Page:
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The Harborough Hoard

Childhood was very different in the 1600s! Imagine if you had to entertain yourself without computers, tablets, or TVs.  You probably are more creative than you think, and these past few months when you have been staying home more may have shown you how to make toys out of the things you find around the house.  Children who lived back in Tudor times often had homemade, portable toys that they would bring with them to keep themselves entertained. We don’t often see these toys anymore because they were so well loved that they don’t survive as artifacts. 


Luckily for us, construction workers in the town of Harborough, England, made a unique discovery that gives us a peek at some of the toys that children in England in the 1600s played with! When they were working on St. Dionysisus Church in the center of town, the construction workers opened a bricked -up stairwell to reveal more than 200 toys! Although we are not sure how these toys ended up there, we do know that they are not toys that should have been used in church.  Described as “street toys”, many of them need open space to be played properly.   

Here are a few of the toys found:

Can you look at the pictures of the toys and match them with the kids playing games in the “Children’s Games” painting by Pieter Bruegel the Elder below? Also think about how people studying history can use different sources to study the past.  Here we are using archeology and art to learn more about children’s games.  Can you think of other ways to find out how kids in the past might have enjoyed their free time? 


Harborough Hoard Toy and Game Definitions 

The balls could be used in a variety of games.  They aren’t specialized, like a football or basketball.   

The whistles work kind of like a kazoo or whistle that you would use today! Very noisy.  Some of them may actually have been pea shooters rather than whistles. 

Knucklebones: This simple game may go as far back as ancient Egypt, but we know they played it in ancient Greece.  Knucklebones were originally made from sheep or goat knucklebones, but some later examples are fashioned out of clay and metal.  Children played some simple versions of the game.  One involved throwing five knucklebones in the air and trying to catch as many as possible in one swipe.  Another way to play was to throw one or more of the knucklebones at a hole or an open jar to see how many you could get in there at a time. Adults also played with knucklebones, but they usually used them for dice games.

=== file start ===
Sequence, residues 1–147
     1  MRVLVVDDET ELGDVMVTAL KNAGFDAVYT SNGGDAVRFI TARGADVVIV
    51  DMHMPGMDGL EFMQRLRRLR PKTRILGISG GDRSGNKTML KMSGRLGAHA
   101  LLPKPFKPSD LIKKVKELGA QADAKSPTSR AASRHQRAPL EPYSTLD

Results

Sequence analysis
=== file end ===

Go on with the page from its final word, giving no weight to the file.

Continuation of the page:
Tip-cat: This game might remind you of baseball! The “cat” is a small stick with sharpened ends.  To begin playing, one player flips the cat into the air with a bigger stick and then hits the cat with that same stick. You see how far the cat goes! To add another step, your competitors can tell you how many hops or jumps they think it will take for you to get to the cat.  If you think it will take more hops, you can challenge your competitors and see how many jumps it really takes! 

Spinning tops: These tops could be spun in a few ways.  One way is to throw the top and have it land on a peg.  Another type could be thrown with a string for extra speed. Finally, there were tops that could be hit with whips to keep them going. 

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